IRS warns marijuana operators about the payment of 280E taxes: this is the deadline to pay them

IRS warns marijuana businesses to meet 280E tax obligations despite rescheduling efforts; tax deductions remain prohibited for cannabis under current Schedule I classification.


The Internal Revenue Service (IRS) is warning marijuana businesses and operators to continue paying what they owe in taxes under the 280E tax code. This is despite the government’s effort to reduce the amount marijuana operators pay in taxes by moving cannabis to a less restrictive drug category. 

The 280E tax code was established in the 1980s, in response to a cocaine dealer claiming standard business deductions for drug proceeds. The 280E rule closed this tax loophole to all drugs classified as either Schedule I or Schedule II under the US Controlled Substances Act.

“The law with respect to the schedule or classification of marijuana has not changed”, said the Internal Revenue Service in a news release on Friday following constant moves by taxpayers in the cannabis industry. 

Business operators seek refund of taxes paid

Although the law remains unchanged, business operators in the industry keep seeking a refund of taxes paid related to Section 280E by filing amended returns. According to the IRS, “these claims are not valid.” 

The Internal Revenue Code Section 280E prohibits any deductions or credits incurred from trading or transacting business that involves illegal trafficking of marijuana, or any Schedule I or II controlled substance. This also applies to businesses that operate in states that have legalized sale of marijuana. 

A spokesperson for the US Cannabis Council said on Tuesday, “The IRS release is a powerful reminder that 280E remains a major impediment to profitability in the regulated cannabis industry.”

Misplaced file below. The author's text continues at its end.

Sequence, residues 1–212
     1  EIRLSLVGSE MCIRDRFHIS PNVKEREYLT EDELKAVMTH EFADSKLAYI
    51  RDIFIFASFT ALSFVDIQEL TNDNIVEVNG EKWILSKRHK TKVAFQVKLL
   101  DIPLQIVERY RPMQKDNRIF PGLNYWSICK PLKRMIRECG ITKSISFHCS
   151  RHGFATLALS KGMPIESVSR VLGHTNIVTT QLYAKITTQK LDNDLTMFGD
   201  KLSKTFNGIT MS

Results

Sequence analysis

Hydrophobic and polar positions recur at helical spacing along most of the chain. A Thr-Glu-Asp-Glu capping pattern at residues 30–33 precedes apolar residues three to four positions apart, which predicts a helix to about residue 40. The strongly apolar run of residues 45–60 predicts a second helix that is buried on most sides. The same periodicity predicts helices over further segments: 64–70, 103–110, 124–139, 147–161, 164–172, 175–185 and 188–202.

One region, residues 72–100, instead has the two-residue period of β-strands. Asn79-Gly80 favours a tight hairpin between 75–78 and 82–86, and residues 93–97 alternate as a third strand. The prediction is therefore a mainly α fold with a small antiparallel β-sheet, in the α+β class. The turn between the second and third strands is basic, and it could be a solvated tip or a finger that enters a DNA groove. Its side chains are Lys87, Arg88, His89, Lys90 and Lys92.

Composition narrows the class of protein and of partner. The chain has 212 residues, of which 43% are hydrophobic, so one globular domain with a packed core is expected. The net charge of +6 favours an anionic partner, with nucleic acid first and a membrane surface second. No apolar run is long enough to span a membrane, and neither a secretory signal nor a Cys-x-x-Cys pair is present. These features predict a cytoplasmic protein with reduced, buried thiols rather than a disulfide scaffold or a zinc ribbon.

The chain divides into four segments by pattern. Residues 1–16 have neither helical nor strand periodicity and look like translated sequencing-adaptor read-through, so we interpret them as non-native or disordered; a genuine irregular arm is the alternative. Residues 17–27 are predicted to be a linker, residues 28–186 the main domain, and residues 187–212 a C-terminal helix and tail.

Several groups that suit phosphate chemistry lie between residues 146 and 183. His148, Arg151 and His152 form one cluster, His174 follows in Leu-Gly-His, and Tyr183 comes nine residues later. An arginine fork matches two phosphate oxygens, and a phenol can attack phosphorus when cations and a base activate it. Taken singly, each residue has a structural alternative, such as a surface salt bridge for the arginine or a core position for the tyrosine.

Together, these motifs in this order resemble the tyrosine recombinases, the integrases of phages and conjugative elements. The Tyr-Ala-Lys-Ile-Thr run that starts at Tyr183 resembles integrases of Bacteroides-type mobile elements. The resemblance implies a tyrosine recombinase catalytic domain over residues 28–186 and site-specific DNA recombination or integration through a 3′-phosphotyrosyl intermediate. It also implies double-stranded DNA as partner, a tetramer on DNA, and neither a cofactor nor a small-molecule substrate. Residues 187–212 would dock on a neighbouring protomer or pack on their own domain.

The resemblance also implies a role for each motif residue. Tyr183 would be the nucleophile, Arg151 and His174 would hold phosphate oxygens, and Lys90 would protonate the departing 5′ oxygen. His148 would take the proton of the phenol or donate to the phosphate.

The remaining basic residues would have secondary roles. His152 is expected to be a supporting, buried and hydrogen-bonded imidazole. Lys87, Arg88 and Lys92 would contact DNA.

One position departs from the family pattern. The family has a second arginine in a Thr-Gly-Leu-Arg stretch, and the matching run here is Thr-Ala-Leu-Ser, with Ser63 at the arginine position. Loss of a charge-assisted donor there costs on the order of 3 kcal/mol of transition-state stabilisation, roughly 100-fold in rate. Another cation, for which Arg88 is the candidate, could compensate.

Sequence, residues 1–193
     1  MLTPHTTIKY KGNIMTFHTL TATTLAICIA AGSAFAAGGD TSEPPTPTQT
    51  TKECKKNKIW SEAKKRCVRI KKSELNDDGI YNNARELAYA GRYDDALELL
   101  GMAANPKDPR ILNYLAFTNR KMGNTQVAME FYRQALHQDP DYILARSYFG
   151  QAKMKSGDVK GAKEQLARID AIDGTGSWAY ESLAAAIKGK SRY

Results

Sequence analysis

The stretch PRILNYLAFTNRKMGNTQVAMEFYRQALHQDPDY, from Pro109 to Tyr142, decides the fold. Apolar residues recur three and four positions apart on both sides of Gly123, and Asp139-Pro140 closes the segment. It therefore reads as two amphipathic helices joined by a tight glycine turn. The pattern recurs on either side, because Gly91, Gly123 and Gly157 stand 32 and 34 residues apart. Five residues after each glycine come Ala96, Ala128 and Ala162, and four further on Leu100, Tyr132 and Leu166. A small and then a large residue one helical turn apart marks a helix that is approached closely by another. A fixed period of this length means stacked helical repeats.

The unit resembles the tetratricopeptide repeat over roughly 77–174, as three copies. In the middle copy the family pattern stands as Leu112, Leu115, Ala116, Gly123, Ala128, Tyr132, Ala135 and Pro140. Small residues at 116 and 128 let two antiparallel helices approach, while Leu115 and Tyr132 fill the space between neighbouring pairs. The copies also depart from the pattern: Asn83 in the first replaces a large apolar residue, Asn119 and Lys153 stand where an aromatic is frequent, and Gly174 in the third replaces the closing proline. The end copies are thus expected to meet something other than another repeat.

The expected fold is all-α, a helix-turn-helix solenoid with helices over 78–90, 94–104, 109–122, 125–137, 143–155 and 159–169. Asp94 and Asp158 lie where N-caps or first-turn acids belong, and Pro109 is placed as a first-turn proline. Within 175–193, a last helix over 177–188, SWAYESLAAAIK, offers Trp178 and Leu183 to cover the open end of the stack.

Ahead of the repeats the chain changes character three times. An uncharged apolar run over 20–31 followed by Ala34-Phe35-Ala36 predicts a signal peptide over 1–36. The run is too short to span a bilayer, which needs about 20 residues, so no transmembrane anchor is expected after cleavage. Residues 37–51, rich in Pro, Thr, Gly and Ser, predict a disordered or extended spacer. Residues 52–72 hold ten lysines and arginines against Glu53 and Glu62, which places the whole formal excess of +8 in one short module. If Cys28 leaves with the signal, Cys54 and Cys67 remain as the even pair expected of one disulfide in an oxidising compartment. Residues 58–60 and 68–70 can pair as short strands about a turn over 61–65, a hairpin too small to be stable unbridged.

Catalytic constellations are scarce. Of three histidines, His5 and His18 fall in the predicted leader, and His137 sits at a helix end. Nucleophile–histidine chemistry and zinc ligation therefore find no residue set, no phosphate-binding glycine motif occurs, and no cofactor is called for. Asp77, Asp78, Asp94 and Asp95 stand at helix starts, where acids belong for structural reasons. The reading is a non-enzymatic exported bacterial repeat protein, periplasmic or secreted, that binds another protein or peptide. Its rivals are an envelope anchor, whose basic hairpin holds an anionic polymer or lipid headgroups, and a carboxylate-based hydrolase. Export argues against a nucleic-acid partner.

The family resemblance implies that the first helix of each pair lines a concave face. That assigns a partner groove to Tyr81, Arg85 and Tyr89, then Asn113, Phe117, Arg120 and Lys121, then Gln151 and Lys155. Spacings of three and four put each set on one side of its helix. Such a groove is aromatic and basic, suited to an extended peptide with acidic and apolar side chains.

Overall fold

The statement by the IRS has not stopped the legal efforts against 280E, especially by state-legal cannabis operators. According to the spokesperson, “the only sure way to end the tax penalty … [is] to move cannabis down to Schedule III.” 

Spokespeople for Verano Holdings Corp. (VRNOF), Curaleaf Holdings Inc. (CURLF), Trulieve Cannabis Corp. (TCNNF), Verano Holdings Corp. (VRNOF) and Cresco Labs Inc. (CRLBF)—four of the largest U.S. cannabis companies—did not comment on the IRS’s statement.

The Federal Government’s effort to reschedule cannabis

The Biden administration has made efforts to reschedule marijuana from Schedule I to Schedule III of the Controlled Substances Act. 

The administration first made this recommendation in October 2022. On May 21, 2024, US Attorney General Merrick Garland of the Department of Justice published a notice of proposed rulemaking with the Federal Register to initiate a formal rulemaking process to consider rescheduling marijuana under the Controlled Substances Act. 

“Until a final rule is published, marijuana remains a Schedule I controlled substance and is subject to the limitations of Internal Revenue Code Section 280E”, the IRS said in the statement released on Friday. 

The marijuana industry has been awaiting word since then. 

Deadline for payment of 280E tax 

The 280E tax code is not a separate tax paid by marijuana operators, instead, it is a tax law (or limitations) on tax deductions for businesses dealing with Schedule I and II controlled substances. 

Hence, there is no specific deadline set for marijuana operators to file income tax. The deadline for 280E taxes typically aligns with the general tax filing deadline of April 15, set by the IRS for businesses. 

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